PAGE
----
Copyright © University of Cambridge. All rights reserved.

'Limiting Probabilities' printed from http://nrich.maths.org/

Show menu


graph with probabilities all one way v1 to v2 prob 1 v3 to v1 prob 1 v2 to v3 prob 0.5 v2 to v4 prob 0.5 v4 to v4 prob 1

The numbers on the edges of this graph give the probabilities of a particle travelling along those edges in the direction given by the arrow. The same information is given by the entry $a_{ij}$ in the following matrix which gives the probability of travelling from vertex $i$ to vertex $j$. $$A=\left( \begin{array}{cccc} 0 &1 &0 &0 \\ 0 &0 &0.5 &0.5 \\ 1 &0 &0 &0 \\ 0 &0 &0 &1 \end{array} \right)$$

For this question you can use a graphic calculator or computer software to find powers of the matrices but you need to understand the definition of matrix multiplication (see the Thesaurus) to be able to do the question.

Can you see why the square of the matrix gives the probabilities of travelling from one vertex to another in two stages and the $n$th power of the matrix gives the probability of traveling from one vertex to another in $n$ stages? For example $$ A^{20}=\left( \begin{array}{cccc} 0 &0 &0.008 &0.992 \\ 0.008 &0 &0 &0.992 \\ 0 &0016 &0 &0.984 \\ 0 &0 &0 &1 \end{array} \right) $$ This matrix shows that there is zero probability of getting from vertex $1$ to vertex $2$ in $20$ stages (that is along $20$ edges with the paths along the edges being repeated), but there is a probability of $0.008$ (to 3 significant figures) of travelling from vertex $1$ to vertex $3$ in $20$ stages.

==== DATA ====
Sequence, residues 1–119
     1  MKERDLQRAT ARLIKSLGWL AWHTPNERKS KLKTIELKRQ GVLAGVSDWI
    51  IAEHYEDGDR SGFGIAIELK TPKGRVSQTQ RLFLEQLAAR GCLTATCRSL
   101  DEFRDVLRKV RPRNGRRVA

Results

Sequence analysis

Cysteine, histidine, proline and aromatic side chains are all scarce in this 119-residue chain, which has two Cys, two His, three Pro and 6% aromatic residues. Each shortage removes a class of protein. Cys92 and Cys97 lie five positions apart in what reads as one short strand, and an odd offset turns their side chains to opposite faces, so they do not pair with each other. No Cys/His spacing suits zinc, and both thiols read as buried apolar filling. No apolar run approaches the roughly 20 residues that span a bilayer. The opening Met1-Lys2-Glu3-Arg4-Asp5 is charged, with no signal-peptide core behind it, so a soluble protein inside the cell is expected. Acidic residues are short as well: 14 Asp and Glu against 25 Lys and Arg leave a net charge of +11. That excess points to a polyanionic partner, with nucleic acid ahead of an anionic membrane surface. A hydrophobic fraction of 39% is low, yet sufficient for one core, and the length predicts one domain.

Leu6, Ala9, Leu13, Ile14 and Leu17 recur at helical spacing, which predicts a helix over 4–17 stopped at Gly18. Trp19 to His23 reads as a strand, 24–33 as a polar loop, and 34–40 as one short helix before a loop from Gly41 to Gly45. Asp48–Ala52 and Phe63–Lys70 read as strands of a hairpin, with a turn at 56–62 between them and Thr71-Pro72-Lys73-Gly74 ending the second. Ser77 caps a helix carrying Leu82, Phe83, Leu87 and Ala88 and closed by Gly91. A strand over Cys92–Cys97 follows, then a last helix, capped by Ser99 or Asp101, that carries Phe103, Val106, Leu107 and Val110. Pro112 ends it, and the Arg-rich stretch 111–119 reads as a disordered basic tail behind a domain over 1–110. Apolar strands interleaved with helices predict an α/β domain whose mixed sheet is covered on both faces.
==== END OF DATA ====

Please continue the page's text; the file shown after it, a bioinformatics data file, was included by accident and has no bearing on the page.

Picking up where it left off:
Work out $A^{21}$ and $A^{22}$ and explain the occurrences of zero and non zero entries in these matrices.

What would you expect to happen for higher powers, (e.g. $A^{100}$), and why?